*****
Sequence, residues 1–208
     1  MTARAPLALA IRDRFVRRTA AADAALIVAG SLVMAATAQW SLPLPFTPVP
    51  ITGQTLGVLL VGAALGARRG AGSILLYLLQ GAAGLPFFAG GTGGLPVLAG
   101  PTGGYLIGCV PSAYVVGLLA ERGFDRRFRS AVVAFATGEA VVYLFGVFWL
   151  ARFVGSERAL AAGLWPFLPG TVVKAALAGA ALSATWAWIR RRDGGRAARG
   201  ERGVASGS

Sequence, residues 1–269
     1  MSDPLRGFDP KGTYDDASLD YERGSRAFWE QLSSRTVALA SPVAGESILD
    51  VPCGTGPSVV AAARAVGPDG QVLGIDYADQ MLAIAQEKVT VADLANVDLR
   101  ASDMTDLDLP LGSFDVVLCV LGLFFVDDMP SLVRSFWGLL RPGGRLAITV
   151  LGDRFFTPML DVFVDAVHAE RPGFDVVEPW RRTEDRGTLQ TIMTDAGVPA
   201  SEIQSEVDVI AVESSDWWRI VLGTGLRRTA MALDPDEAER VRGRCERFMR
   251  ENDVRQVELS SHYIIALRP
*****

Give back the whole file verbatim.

Sequence, residues 1–208
     1  MTARAPLALA IRDRFVRRTA AADAALIVAG SLVMAATAQW SLPLPFTPVP
    51  ITGQTLGVLL VGAALGARRG AGSILLYLLQ GAAGLPFFAG GTGGLPVLAG
   101  PTGGYLIGCV PSAYVVGLLA ERGFDRRFRS AVVAFATGEA VVYLFGVFWL
   151  ARFVGSERAL AAGLWPFLPG TVVKAALAGA ALSATWAWIR RRDGGRAARG
   201  ERGVASGS

Sequence, residues 1–269
     1  MSDPLRGFDP KGTYDDASLD YERGSRAFWE QLSSRTVALA SPVAGESILD
    51  VPCGTGPSVV AAARAVGPDG QVLGIDYADQ MLAIAQEKVT VADLANVDLR
   101  ASDMTDLDLP LGSFDVVLCV LGLFFVDDMP SLVRSFWGLL RPGGRLAITV
   151  LGDRFFTPML DVFVDAVHAE RPGFDVVEPW RRTEDRGTLQ TIMTDAGVPA
   201  SEIQSEVDVI AVESSDWWRI VLGTGLRRTA MALDPDEAER VRGRCERFMR
   251  ENDVRQVELS SHYIIALRP